So, the DNS record response is sent to the target instead. These spoofed requests are of ‘ANY’ type, thus, all the details are packed in a single request. As such, they generate large responses so the victim web resource receives amplified traffic, clogging the network with traffic and rendering it inaccessible.
The different types of DDoS attacks include the UDP flood, where hackers target random ports on the host with high numbers of small User Datagram Protocol (UDP) packets. UDP is a communication protocol that establishes low-latency and loss-tolerating connections between internet applications.
A UDP flood attack depletes vital network element resources, overwhelming the target system and causing a denial of service. It can be done using a spoofed IP address to ensure return packets don’t reach the host and help cybercriminals conceal their identity.
ICMP or Ping Flood
ICMP or the Internet Control Message Protocol is used to communicate problems related to transferring data online. Attackers overwhelm a network with numerous spoofed ICMP echo requests. ICMP echo requests (pings) and echo-reply messages are used to evaluate a network’s connectivity strength. Most of the time, such requests receive replies, which use up network resources. Flooded with these request packets, online services become unavailable to users.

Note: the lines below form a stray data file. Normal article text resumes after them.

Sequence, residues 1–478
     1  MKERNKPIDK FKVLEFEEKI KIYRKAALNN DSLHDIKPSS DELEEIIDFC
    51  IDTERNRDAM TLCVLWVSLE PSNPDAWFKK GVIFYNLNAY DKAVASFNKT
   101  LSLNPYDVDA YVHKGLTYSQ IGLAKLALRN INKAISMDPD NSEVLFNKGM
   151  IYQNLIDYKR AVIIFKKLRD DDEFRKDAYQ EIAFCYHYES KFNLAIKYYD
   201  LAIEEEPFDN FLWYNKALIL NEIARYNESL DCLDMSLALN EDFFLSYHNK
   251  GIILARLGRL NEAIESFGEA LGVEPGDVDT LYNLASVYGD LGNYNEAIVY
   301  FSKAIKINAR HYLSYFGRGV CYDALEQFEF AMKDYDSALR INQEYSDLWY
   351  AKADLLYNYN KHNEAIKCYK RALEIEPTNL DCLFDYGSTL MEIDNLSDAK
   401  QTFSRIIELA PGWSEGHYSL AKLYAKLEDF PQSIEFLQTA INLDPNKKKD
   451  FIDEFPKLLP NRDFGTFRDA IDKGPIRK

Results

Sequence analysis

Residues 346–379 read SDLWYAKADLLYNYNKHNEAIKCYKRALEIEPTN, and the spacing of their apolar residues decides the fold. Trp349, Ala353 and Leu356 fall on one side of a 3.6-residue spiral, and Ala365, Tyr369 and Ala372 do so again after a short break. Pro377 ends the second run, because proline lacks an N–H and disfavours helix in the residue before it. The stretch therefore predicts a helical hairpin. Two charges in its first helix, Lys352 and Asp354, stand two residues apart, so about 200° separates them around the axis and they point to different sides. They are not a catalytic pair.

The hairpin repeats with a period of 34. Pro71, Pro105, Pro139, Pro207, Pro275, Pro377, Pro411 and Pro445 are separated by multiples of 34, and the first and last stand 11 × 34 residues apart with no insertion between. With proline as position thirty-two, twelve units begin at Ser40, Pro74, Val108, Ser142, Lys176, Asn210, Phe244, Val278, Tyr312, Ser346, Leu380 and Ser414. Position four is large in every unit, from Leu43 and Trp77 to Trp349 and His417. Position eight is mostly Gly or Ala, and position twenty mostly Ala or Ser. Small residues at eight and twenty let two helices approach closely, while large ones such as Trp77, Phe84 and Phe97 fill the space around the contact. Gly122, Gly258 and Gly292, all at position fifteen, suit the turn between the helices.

In the transmission control protocol (TCP), attackers use spoofed RST or FIN packets to saturate bandwidth, occupy resources, and interrupt network activity.
While SYN packets are sent to establish new TCP connections, FIN packets are sent to close TCP connections. Meanwhile, RST packets are typically used to forcefully reset connections by aborting them when there’s an issue.
During this type of DDoS attack, threat actors send high volumes of spoofed RST and FIN packets to use up the victim network’s resources. This, in turn, causes disruptions, ultimately leading to system failures.
Although RST-FIN floods aren’t as prevalent today, cyber criminals still use them in conjunction with other attack types.
A smurf attack occurs at the third layer of the OSI model and is similar to the ICMP flood attack. Its name stems from a DDoS attack tool named after the cartoon show The Smurfs, as it could hit larger enemies.
Smurf attacks overload a network with malicious ICMP echo requests or pings and exploits IP vulnerabilities. A false or spoofed IP address is attached to a data packet to send these requests.
The most common DDoS attack types fall under application layer attacks, protocol attacks, and volumetric attacks. They occur at different layers of the OSI model.
While application layer attacks exploit specific vulnerabilities and forge legitimate user actions, protocol attacks eat up server communication resources with invalid requests. Volumetric attacks focus on flooding victim networks with seemingly authentic traffic.
Cyber actors today often use a combination of DDoS attack types and other cyberattacks. While it helps knowing what industries DDoS attackers target, no industry or organization is safe against such threats.
It’s not easy to detect a DDoS attack until the harm is done, so it’s better to strengthen your security protocols and inform your employees about its indicators.